Explore Our Collections Online
The Drexel University Archives is committed to increasing the number of historical materials available online. Currently, most of our materials are not accessible online, and we encourage you to contact us directly if you do not find what you are looking for. We might have something that is already digitized but not online, or something that is not yet digitized but which we can digitize for you.
We have several different kinds of digital, online materials available:
- Finding Aids: Finding aids are guides to help researchers understand the contents and organization of a collection. See below for more information about how to use our finding aids.
- Digitized Archival Material: Paper documents and photographic prints from the University Archives have been scanned and uploaded to our digital repository, iDEA, along with information about them and the collection they are from. For tips on searching in iDEA, see below.
- Theses and Dissertations: The University Archives provides online access to graduate theses and dissertations submitted as part of Drexel’s graduation requirements.
- Drexel Websites: View previous versions of department pages, student group websites, The Triangle, Drexel’s student newspaper, and other sites that represent the University’s online activities going back to 2009. You can find the Drexel websites we save through our own Archive-It collection, or through the Internet Archive’s Wayback Machine.
- An (incomplete) Collection of The Triangle’s Print Editions: Scanned copies of The Triangle are available online as PDF files. This is an older project that is slated to be replaced but will remain available until that is completed. Note that some issues are missing from this website. Articles may appear in the search results even though the PDF is not available. Please contact us if the issue you want to view is missing.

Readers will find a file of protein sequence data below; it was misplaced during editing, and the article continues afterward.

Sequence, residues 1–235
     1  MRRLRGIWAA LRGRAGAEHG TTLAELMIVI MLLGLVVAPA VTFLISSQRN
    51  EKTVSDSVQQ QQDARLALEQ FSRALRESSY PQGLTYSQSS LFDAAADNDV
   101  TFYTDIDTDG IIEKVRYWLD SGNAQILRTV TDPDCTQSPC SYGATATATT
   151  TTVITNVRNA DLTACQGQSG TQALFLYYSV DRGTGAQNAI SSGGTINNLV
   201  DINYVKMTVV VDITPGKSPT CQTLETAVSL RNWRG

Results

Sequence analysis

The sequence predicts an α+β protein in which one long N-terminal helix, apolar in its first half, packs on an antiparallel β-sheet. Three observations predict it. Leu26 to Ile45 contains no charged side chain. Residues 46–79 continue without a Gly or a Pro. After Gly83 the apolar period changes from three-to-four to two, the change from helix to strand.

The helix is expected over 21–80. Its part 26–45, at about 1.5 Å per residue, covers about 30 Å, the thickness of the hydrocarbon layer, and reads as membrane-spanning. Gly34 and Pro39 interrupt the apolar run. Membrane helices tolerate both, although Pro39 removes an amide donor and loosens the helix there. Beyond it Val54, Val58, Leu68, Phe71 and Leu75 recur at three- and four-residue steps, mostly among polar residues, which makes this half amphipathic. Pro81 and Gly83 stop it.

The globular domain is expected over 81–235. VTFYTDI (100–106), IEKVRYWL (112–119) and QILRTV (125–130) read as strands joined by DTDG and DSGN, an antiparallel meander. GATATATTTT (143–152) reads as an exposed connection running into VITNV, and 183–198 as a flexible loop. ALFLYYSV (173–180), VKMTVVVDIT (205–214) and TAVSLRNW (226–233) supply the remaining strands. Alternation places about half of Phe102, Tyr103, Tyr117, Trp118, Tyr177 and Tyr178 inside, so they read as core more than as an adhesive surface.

Searching in iDEA
iDEA—Drexel University’s digital repository—provides management and access to digital resources produced and collected by the Drexel community, including Drexel theses, dissertations, and other digital collections.
To find digitized historical materials in iDEA, search in DragonSearch, the Drexel Libraries' online discovery search tool. DragonSearch will return search results for books, journals, articles, and other library resources, as well as with digitized materials from the Archives.
You can also browse our digitized collections by clicking on the collections on the main page of iDEA. Each collection page will contain information about that collection. Each item in that collection will contain the digitized item itself (an image, usually), and information about that item, like its date, who created it, and any keywords or subjects relevant to the item. Clicking on any links on the item’s page (like keywords) will take you to a list of all digitized items that contain that keyword.
Download most materials in iDEA by right-clicking on the image and selecting “save image as” or by clicking on the download icon (a rectangle with a downward arrow) in the menu bar above the object image.
Using Finding Aids
Searching our finding aids database is a great place to start your research at the University Archives. Please note that this database contains finding aids for three different archives that are part of Drexel University: The Academy of Natural Sciences Archives, The Legacy Center at the College of Medicine, and the Drexel University Archives. Searching our findings aids for the name of a person or group, a department or academic program, or using a subject or keyword will show you every time that keyword appears in our collection guides.
We only have publicly viewable finding aids for about a third of our collections. Finding aids may not list the person or the topic you are interested in by name, but they may include information relevant to your research. We may also be able to give you access to relevant materials in collections that do not yet have completed finding aids.
If you didn’t find anything through searching our finding aid database, we encourage you to contact us with research questions since we are familiar with the collections and with Drexel’s history and may have ideas about what collection might have something useful to you.